U.S. public health officials are worried about the possible spread of infectious diseases in areas hardest hit by Hurricane Katrina. Stagnant flood waters, lack of proper sewage and clean water all could contribute to the spread of disease.
The conditions in the flooded city of New Orleans are a recipe for diahrreal diseases rarely seen in the United States, including hepatitis, dysentery, cholera, and typhus. The diseases occur when there is no sanitation, and water becomes contaminated with fecal matter.
Officials are also concerned about mosquito-borne illnesses.
Appearing on CNN's Late Edition program Sunday, U.S. Health and Human Services Secretary Michael Leavitt says it is not uncommon to see such outbreaks following natural disasters.
"Any time you have this type of disaster, whether it's in the United States or anywhere else, you have the potential for this kind of disease. For that reason, we have dispatched 24 public health teams, or (we are) in the process of dispatching them, throughout the Gulf region to begin working with state and local officials to assure we are doing everything possible to avoid it," Mr. Leavitt says.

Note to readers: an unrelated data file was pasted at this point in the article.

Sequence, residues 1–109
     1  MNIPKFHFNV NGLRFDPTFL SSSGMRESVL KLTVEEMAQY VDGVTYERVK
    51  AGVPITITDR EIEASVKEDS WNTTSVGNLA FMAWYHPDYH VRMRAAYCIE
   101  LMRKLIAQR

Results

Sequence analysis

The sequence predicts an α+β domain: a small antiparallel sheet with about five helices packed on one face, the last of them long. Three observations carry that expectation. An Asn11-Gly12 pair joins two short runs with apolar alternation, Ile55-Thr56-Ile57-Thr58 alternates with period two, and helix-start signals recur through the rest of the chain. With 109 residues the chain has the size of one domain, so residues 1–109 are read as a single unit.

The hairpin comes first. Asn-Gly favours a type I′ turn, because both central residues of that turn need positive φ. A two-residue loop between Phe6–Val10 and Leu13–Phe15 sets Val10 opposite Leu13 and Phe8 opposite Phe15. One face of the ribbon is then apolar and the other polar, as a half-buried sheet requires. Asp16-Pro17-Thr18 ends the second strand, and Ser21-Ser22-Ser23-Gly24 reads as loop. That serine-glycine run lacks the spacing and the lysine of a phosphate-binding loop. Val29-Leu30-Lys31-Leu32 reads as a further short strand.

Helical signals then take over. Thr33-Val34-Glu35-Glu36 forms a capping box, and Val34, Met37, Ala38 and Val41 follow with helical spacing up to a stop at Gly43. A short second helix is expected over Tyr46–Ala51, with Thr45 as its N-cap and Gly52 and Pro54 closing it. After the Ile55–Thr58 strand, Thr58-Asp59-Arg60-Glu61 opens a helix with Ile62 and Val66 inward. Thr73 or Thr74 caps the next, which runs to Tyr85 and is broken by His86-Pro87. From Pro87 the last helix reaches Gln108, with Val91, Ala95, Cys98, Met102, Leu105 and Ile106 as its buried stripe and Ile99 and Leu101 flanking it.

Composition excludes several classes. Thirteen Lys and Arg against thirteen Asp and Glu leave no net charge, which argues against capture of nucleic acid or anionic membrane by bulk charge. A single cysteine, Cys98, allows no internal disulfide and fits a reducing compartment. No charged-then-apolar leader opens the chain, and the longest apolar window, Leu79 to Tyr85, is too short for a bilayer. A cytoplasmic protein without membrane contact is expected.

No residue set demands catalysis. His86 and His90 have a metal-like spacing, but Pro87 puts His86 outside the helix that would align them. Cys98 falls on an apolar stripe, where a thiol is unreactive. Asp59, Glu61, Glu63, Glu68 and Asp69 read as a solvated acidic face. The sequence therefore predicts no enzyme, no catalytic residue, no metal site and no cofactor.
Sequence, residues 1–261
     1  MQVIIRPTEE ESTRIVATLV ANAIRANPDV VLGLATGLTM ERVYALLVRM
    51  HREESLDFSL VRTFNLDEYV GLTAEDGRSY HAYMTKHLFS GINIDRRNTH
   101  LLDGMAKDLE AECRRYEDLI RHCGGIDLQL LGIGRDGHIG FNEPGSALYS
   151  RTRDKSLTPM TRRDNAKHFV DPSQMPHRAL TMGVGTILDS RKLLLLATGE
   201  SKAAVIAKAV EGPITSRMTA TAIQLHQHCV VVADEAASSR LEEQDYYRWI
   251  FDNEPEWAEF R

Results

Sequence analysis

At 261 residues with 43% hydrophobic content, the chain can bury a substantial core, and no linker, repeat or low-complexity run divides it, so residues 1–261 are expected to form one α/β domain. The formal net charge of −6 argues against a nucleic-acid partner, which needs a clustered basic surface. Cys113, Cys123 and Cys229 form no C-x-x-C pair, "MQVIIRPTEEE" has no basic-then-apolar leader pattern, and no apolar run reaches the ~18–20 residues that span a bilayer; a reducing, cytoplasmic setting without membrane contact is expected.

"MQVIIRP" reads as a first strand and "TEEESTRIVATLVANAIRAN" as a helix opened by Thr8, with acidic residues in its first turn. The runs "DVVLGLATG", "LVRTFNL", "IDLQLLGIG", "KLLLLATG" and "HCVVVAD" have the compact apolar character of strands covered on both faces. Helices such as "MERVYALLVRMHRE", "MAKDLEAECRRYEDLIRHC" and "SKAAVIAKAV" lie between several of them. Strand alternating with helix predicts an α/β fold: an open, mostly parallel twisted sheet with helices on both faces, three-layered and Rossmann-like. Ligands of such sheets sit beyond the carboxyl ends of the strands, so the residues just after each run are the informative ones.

Mr. Leavitt says public health officials will also help victims who are traumatized by the hurricane.
"People have lost their jobs, they have lost their lives, they have lost loved ones, their homes are gone, their mementos, all of the things that make life stable and certain for many of these people are gone, and it's going to exact a devastating toll. And we've got to be there to help them, and we will be," Mr. Leavitt says.
For now, Mr. Leavitt says, federal officials are assessing the immediate health needs of survivors of hurricane Katrina, and mobilizing a coordinated response that may ultimately include offers of assistance from abroad.